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Brief summary of Christianity

Consolidation of Christianity
and its later fragmentation

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1st to 4th century CE: Consolidation of Christianity:

As noted elsewhere, Jewish Christians -- the original group within the primitive Christian movement -- was almost wiped out by the Roman Army in its attack on Jerusalem in 70 CE. The survivors were scattered.

Pauline Christianity, and its successor Proto-Christianity, flourished throughout the Roman Empire in spite of intermittent persecutions. The attacks were primarily triggered by the refusal by many Christians to contribute sacrifices at the state Pagan temples. The Empire regarded this activity as an important civic duty for every citizen, but was viewed as the ultimate sacrilege by many Christians.

With the issuance of the Edict of Toleration at Milan in 313 CE, the Roman Empire recognized Pauline Christianity as a valid religion. Persecution ceased and Christianity became tolerated. Three generations later, circa 387 CE, Christianity became the official religion of the Empire. Persecutions began again; this time Christians were the perpetrators and Pagans the victims.

The new state religion, with the help of the Roman Empire, persecuted the remnants of Gnostic Christianity. The Gnostics' many Gospels, including the Gospel of Thomas, and many dozens of other writings were suppressed. Gnostic Christianity was driven underground and almost wiped out. A few survived the prosecution. At the present time it is experiencing rapid growth.

With the disappearance of Jewish Christianity and Gnostic Christianity, Christianity was once more consolidated into a single group. Church authority became concentrated among the five bishops or patriarchs located in Alexandria, Antioch, Constantinople, Jerusalem and Rome. 

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Subsequent fragmentation of Christianity:

A unified Christianity continued for a few centuries, but then gradually disintegrated:

bullet 7th century CE: Islam: With the expansion of Islam throughout the Middle East, church power became concentrated in Constantinople and Rome. These two Christian centers gradually drifted apart from each other in their beliefs and practices.
 
bullet11th century CE: Christian schism: In 1054 CE, a formal split occurred between the Roman Catholic and Eastern Orthodox churches. Their leaders excommunicated each other. The split remains in effect today, although the mutual excommunication has been revoked. Efforts are being made to heal the divide, but little progress has resulted.
 
bullet 16th Century: Protestant Reformation: This was a time of great turmoil within Christianity. In Europe, John Calvin, Martin Luther, and Ulrich Zwingli broke from the Roman Catholic Church to form separate Protestant Christian faith groups. They promoted the concepts of:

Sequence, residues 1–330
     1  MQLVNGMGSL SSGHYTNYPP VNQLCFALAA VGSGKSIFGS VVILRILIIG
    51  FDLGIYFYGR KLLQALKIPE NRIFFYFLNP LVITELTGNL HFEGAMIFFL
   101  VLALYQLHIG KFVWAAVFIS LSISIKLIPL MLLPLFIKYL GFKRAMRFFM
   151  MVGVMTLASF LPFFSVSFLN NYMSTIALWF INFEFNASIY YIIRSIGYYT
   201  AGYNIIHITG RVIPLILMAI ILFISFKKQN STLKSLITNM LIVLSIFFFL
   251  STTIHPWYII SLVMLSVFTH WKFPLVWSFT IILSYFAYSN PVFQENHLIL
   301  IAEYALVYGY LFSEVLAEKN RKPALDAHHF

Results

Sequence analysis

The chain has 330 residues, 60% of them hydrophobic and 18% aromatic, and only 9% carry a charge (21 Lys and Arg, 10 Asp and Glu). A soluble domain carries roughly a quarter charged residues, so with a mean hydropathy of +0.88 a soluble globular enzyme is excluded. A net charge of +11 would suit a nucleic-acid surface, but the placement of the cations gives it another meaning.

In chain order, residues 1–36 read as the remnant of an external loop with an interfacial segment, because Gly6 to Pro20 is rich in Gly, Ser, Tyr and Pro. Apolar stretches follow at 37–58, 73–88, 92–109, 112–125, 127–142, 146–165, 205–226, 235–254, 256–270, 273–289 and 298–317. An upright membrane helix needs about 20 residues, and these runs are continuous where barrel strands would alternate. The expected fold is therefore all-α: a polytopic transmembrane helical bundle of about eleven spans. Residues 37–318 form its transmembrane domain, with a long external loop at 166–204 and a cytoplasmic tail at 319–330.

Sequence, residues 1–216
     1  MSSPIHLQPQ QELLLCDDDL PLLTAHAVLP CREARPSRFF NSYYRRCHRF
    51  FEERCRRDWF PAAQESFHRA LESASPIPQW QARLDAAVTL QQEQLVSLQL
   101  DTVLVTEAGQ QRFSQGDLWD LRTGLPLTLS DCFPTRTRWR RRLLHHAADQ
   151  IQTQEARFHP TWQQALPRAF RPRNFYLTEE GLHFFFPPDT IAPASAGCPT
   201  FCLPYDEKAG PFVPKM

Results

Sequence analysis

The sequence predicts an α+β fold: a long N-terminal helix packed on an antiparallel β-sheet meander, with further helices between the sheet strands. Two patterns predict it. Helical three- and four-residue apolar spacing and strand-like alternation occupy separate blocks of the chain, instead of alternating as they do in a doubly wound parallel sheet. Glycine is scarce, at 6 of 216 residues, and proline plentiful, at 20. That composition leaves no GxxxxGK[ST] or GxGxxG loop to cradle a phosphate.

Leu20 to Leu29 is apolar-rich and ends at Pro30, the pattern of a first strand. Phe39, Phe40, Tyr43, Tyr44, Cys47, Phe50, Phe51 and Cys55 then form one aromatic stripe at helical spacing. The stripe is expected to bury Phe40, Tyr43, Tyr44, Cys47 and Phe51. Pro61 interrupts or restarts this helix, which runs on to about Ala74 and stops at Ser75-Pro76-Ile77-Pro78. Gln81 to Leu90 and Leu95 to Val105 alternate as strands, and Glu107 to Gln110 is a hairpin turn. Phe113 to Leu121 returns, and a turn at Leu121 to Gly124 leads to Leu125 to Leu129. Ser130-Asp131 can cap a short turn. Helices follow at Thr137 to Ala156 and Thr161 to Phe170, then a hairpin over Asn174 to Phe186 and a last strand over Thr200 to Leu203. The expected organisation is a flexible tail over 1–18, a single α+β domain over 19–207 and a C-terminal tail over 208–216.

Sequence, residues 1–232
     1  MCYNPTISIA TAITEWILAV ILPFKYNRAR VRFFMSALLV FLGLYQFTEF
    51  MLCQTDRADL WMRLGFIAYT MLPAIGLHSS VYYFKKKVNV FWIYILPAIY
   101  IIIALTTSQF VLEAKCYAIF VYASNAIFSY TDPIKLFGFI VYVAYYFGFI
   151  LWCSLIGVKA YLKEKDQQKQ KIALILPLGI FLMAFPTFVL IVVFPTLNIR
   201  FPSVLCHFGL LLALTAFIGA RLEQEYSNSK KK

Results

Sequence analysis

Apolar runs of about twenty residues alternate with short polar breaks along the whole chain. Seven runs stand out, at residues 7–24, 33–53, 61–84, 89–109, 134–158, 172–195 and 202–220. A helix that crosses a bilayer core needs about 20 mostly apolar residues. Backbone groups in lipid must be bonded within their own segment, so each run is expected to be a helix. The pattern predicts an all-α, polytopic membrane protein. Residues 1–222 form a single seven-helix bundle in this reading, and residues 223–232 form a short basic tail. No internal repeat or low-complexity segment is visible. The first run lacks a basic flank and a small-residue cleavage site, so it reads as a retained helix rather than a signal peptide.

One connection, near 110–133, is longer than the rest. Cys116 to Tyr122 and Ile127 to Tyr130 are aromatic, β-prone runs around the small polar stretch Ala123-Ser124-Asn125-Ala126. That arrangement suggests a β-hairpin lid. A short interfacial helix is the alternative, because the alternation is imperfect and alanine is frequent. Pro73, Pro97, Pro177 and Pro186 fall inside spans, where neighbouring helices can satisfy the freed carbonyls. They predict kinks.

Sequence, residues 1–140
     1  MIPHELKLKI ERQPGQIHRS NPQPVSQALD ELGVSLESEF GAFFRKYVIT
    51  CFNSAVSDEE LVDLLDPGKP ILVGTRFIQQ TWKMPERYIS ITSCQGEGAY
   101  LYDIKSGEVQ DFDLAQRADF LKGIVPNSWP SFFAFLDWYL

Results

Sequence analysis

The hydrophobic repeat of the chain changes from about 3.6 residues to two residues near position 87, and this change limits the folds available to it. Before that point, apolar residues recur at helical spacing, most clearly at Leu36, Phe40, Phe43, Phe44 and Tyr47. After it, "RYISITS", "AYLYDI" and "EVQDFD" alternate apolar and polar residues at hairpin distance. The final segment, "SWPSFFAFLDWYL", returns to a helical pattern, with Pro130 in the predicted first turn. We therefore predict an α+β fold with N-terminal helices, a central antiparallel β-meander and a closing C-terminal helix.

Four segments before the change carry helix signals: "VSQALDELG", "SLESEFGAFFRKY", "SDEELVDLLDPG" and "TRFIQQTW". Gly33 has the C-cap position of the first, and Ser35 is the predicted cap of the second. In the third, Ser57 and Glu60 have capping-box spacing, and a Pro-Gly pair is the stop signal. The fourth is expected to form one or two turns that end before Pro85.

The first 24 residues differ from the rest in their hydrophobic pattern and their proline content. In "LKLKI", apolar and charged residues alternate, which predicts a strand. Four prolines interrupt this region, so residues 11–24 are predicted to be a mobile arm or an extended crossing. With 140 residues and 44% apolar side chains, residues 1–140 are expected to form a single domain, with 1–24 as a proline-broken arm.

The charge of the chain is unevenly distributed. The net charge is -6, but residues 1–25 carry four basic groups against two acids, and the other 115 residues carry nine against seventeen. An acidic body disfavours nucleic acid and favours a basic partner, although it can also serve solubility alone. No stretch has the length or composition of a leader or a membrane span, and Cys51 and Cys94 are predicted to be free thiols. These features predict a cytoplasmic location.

bulletSalvation by the grace of God, rather than through church sacraments.
bulletGreater individual freedom of belief.
bulletThe priesthood of all believers; no priest or other intermediary was needed between believers and God.
bulletClose integration of church and state.
bulletReliance on the Bible alone, with much less attention paid to church tradition.

Radical Reformation: Some additional religious reformers took these beliefs to a logical conclusion; they preached that the believers should form "free churches." These were quite different from both the Catholic Church and  the highly organized Protestant state churches. Members met in each other's homes, much like the early Jesus Movement. Because they believed that baptism should be restricted to adults, they were called Anabaptists.

Church of England: Also during the 16th century, the Church of England split from the Roman Catholic Church. The schism is often blamed on the pope's refusal to give the king a divorce, and the king's incessant drive to produce a male heir. His various wives produced only girls and one sickly male child. Medical science was in a primitive state at the time, and doctors did not realize that the gender of a child is determined by the sex of the male's sperm. That is, the king himself was responsible for a string of girls.

In reality, the split was caused more by various English political trends, religious changes, and dissatisfaction with the Papal Curia than by the lack of a divorce decree. Over time, the Church of England grew to become the worldwide Anglican Communion.

bullet 17th century to now: Protestant denominations experienced further schisms in later centuries to produce the over 1,000 Christian denominations and sects in the U.S. and Canada today. Some of these schisms was caused by disagreement over the morality of human slavery. One example was the Southern Baptist Conference. They separated from the national body because of the former's desire to accept slave owners as members.

Starting in the late 19th century, many splits were triggered by a conflict between modernist interpretation of the Bible and fundamentalist beliefs. In recent years, the main stressor involves homosexuals as members, the ordination of gay clergy, and ordination of women.

Many of these faith groups believe that their group, alone, is the true successor to Jesus' teachings and the faith that was "... once delivered unto the saints." (Jude 1:3). This presents a logical dilemma. Since the demoninations teach a range of beliefs, only a maximum of one denomination can be free of error.

Copyrighted © 2009 & 2010 by Ontario Consultants on Religious Tolerance
First posted: 2009-MAR-24
Last updated 2010-JUL-07

Author: B.A. Robinson

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